Torrentfreak recently released their 2015 report on VPN services. Their survey asks the following questions to a number of VPN providers:
- Do you keep ANY logs which would allow you to match an IP-address and a time stamp to a user of your service? If so, exactly what information do you hold and for how long?
- Under what jurisdiction(s) does your company operate?
- What tools are used to monitor and mitigate abuse of your service?
- Do you use any external email providers (e.g. Google Apps) or support tools ( e.g Live support, Zendesk) that hold information provided by users?
- In the event you receive a DMCA takedown notice or European equivalent, how are these handled?
- What steps are taken when a valid court order requires your company to identify an active user of your service? Has this ever happened?
- Does your company have a warrant canary or a similar solution to alert customers to gag orders?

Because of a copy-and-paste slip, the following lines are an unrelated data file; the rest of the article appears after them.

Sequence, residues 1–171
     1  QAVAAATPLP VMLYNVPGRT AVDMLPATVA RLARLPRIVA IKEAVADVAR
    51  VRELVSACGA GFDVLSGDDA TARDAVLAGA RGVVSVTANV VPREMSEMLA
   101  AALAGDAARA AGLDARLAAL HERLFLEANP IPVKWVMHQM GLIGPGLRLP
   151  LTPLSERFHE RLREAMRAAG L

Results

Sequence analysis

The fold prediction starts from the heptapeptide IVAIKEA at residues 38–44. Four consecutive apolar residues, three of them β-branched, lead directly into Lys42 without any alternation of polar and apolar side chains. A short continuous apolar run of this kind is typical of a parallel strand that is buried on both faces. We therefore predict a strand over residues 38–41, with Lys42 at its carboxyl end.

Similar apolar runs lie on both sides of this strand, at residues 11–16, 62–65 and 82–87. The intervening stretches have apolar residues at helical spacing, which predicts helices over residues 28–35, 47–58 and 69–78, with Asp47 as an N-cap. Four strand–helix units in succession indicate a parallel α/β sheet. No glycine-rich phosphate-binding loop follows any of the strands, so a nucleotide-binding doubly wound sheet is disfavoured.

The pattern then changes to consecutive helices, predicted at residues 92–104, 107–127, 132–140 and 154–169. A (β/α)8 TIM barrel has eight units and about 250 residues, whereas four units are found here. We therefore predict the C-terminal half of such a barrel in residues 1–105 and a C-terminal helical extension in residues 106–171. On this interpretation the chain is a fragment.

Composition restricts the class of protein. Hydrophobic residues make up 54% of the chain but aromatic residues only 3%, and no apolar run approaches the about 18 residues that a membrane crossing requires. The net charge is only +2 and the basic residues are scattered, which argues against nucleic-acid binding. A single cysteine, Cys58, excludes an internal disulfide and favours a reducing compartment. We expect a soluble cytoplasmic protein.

- Is BitTorrent and other file-sharing traffic allowed on all servers? If not, why?
- Which payment systems do you use and how are these linked to individual user accounts?
- What is the most secure VPN connection and encryption algorithm you would recommend to your users? Do you provide tools such as â€œkill switchesâ€ if a connection drops and DNS leak protection?
- Do you use your own DNS servers? (if not, which servers do you use?)
- Do you have physical control over your VPN servers and network or are they outsourced and hosted by a third party (if so, which ones)? Where are your servers located?
The answers provided should give their readers a good sense of which VPN services are more likely to keep their customers’ identities anonymous.